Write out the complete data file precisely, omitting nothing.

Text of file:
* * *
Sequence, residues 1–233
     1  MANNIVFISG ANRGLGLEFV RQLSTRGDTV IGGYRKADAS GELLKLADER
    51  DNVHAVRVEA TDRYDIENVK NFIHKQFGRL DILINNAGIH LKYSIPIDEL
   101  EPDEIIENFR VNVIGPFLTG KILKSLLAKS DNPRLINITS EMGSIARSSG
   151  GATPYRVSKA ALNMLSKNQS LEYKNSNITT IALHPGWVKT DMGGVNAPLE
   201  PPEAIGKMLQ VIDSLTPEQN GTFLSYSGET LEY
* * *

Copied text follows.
Sequence, residues 1–233
     1  MANNIVFISG ANRGLGLEFV RQLSTRGDTV IGGYRKADAS GELLKLADER
    51  DNVHAVRVEA TDRYDIENVK NFIHKQFGRL DILINNAGIH LKYSIPIDEL
   101  EPDEIIENFR VNVIGPFLTG KILKSLLAKS DNPRLINITS EMGSIARSSG
   151  GATPYRVSKA ALNMLSKNQS LEYKNSNITT IALHPGWVKT DMGGVNAPLE
   201  PPEAIGKMLQ VIDSLTPEQN GTFLSYSGET LEY